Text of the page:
Newspaper article The Florida Times Union

Teen Awaits Sentence in Slaying When He Was 12; Decision Will Be One of the First after Nelson Becomes State Attorney

Newspaper article The Florida Times Union

Teen Awaits Sentence in Slaying When He Was 12; Decision Will Be One of the First after Nelson Becomes State Attorney

Article excerpt

Byline: Larry Hannan

When Sharron "Tommy" Townsend was brought in by Jacksonville police for questioning in the death of a 54-year-old homeless man in 2014, one of the first questions police asked the boy what was his date of birth.

When he said Oct. 8, 2001, the lead detective in the case had a one-word response.

"Wow," said detective Eileen Simpson as she looked at the 12-year-old who was about to be arrested on a charge of murdering Thomas Zona Trent.

The Times-Union received a video of the interview as part of a public records request for materials in the case, although portions where Townsend appears to confess were cut out because confessions are not public record before trial and sentencing.

Circuit Judge Jack Schemer must decide how long Townsend, now 15 after pleading guilty to second-degree murder in June, should spend in prison. Sentencing is scheduled to occur in February. Townsend faces 10 to 40 years in prison as part of his negotiated plea deal.

Schemer will have to balance Townsend's age with the senselessness of his crime when he makes his decision. The sentencing will also be one of the first juvenile decisions made by incoming State Attorney Melissa Nelson, who replaces incumbent Angela Corey in January.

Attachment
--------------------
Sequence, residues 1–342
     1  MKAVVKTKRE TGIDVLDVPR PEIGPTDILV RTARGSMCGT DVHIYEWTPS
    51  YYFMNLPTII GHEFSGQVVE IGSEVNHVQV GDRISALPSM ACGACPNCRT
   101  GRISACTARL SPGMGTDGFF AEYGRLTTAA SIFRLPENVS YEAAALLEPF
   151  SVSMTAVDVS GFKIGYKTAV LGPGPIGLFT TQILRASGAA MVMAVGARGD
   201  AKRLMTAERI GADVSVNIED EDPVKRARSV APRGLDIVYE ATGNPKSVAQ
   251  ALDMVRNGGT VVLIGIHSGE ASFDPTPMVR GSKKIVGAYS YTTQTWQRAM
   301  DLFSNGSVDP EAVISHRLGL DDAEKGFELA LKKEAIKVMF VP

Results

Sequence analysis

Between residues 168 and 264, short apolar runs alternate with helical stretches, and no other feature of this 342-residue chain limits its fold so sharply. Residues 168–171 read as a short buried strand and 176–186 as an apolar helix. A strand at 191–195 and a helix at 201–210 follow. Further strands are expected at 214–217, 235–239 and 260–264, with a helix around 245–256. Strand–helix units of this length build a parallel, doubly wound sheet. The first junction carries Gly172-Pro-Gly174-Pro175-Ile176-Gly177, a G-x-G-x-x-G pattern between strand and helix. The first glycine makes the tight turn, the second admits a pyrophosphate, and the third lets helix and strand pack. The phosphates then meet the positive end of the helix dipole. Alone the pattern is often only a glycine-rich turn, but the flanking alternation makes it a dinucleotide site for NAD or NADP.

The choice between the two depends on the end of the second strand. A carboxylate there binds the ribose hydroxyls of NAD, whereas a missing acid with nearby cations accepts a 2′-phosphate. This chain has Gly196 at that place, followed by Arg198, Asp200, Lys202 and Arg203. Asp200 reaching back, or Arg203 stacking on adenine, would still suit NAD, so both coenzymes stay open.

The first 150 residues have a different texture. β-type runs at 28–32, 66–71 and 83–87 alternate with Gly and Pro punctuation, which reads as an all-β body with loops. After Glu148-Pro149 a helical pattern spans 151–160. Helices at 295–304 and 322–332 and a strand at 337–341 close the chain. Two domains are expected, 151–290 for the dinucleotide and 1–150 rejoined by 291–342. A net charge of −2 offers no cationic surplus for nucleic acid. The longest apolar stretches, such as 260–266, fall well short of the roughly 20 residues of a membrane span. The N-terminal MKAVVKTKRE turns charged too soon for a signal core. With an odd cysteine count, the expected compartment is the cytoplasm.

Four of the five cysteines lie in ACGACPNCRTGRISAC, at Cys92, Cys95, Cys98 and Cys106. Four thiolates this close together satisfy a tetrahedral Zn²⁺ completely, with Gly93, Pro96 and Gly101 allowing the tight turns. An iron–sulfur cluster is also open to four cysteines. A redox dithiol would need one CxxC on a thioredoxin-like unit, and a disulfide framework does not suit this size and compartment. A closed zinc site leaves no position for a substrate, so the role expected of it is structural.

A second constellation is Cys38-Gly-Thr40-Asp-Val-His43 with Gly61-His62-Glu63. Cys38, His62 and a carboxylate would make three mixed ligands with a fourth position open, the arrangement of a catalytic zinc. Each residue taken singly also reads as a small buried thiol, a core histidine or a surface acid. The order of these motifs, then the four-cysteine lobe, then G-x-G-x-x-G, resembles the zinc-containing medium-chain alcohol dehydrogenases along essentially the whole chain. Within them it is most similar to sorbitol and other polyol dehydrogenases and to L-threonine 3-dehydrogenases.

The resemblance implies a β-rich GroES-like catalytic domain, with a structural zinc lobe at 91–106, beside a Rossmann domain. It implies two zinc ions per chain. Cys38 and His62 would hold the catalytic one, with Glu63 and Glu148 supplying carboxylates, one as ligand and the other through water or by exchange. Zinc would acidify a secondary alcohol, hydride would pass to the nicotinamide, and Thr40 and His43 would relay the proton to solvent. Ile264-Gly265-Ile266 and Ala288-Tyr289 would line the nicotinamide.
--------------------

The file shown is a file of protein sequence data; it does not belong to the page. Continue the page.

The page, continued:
Nelson has said she will not comment on specific cases before she takes office but was critical of Corey's record prosecuting juveniles as adults when she ran against her in the Republican primary.

In court filings defense attorneys indicate they will argue Townsend deserves a light sentence due to his age and mental issues. They include evidence that Townsend suffers from brain abnormalities such as fetal alcohol syndrome and brain injuries.

According to police reports, Trent owed Townsend money. Another homeless man interviewed by police said Townsend used to throw things at Trent and call him a "MF cracker" and other racist names and Trent would say racist things back to him.

Townsend is black and Trent was white.

In several hours of police interviews at the time of his arrest, Townsend himself seems confused over why he shot Trent. Early on Simpson encouraged Townsend to tell the truth, warning him investigators already knew what happened and it would go bad for him if he tried to lie.

But Simpson also appealed to Townsend's better nature when he appeared reluctant to reveal anything about what happened.

"Are you the type of person who just doesn't care about anybody, and you're just that evil at 12?" Simpson asked Townsend at one point. "I don't know any kid your age that could be evil like that."

Simpson then asked Townsend if he was evil.

Townsend fought back tears, responding he was not.

According to then 16-year-old Darrell Royal Jr., who was with Townsend when the homeless man was gunned down in the parking lot of a shopping center on 103rd Street, Townsend kicked Trent and when Royal turned to leave he heard one shot. …

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